After leaving Egypt, the Israelites wandered in the desert for forty years. Dying of thirst, they protested to Moses about the lack of water available for their families and their animals. So Moses and Aaron consulted God in prayer. Moses was told to strike the rock at Meribah with his staff, causing water to miraculously gush forth for everyone to drink.
From the Early Church onwards, this miracle of the water was understood as a symbol of baptism (cf 1 Corinthians 10:1-4). In keeping with this, the image is found within the baptistery of the imposing church of St James, Spanish Place, in London. It accompanies other biblical scenes symbolising baptism, including Noah’s Ark and the Temple in Ezekiel.
The window dates to 1925 and is the work of Geoffrey Webb, a Catholic artist whose stained glass studio was based in Suffolk. Interestingly, Webb also created a quirky stained glass scene of the nativity for the Anglican church of All Saints, Daresbury. Daresbury was the birthplace of Lewis Carroll and as such, the window also depicts characters from Alice in Wonderland, including the White Rabbit, the Mad Hatter and the Cheshire Cat.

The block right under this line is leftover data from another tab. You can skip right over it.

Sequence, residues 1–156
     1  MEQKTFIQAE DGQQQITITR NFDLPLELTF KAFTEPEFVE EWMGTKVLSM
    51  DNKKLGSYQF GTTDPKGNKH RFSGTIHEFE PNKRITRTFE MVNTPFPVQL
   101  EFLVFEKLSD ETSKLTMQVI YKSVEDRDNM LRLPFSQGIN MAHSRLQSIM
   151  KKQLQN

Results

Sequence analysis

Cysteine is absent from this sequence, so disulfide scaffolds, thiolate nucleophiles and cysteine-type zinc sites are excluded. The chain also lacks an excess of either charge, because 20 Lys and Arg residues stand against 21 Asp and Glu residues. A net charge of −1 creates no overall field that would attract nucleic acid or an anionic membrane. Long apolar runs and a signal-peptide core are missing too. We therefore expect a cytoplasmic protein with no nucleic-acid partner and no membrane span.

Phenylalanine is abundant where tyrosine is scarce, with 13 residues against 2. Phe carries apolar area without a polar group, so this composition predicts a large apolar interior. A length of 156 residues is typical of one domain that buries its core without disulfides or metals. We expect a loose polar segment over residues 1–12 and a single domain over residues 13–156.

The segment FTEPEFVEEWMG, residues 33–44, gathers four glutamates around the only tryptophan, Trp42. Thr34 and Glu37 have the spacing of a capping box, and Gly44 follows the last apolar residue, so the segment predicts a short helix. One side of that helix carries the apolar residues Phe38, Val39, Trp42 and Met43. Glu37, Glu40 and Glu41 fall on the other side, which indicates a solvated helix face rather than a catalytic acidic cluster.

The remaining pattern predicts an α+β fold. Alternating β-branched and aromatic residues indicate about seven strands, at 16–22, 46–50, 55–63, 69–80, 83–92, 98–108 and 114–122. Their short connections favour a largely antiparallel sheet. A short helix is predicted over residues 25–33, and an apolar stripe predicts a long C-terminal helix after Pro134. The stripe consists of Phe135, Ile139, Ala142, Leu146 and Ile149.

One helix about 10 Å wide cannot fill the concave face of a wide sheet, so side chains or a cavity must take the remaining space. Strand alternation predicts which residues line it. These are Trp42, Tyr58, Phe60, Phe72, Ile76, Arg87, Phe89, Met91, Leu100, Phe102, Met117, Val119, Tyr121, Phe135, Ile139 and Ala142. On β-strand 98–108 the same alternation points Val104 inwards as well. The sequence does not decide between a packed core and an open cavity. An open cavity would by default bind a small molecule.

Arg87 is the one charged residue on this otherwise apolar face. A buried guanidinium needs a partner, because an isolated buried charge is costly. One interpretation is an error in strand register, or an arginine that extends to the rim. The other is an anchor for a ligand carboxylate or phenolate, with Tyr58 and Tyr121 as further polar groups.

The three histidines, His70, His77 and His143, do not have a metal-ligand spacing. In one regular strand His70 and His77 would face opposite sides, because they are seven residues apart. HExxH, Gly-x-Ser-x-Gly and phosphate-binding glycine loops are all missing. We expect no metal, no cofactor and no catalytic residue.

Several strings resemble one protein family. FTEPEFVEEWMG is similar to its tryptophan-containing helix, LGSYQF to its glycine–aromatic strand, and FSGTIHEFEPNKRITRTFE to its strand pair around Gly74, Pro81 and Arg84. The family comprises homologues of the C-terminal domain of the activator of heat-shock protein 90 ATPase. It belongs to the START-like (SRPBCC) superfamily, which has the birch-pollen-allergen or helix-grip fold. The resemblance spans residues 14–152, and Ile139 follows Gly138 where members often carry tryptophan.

Where to find this work of art
St James, Spanish Place
Read the relevant passage
On a similar theme
- From the Old Testament: While the Israelites were in the wilderness, God miraculously provided food for the community in the form of the heavenly manna.
- From the New Testament: The baptistery where this window is found includes scenes of other water miracles from the Bible, such as Christ turning the water into wine.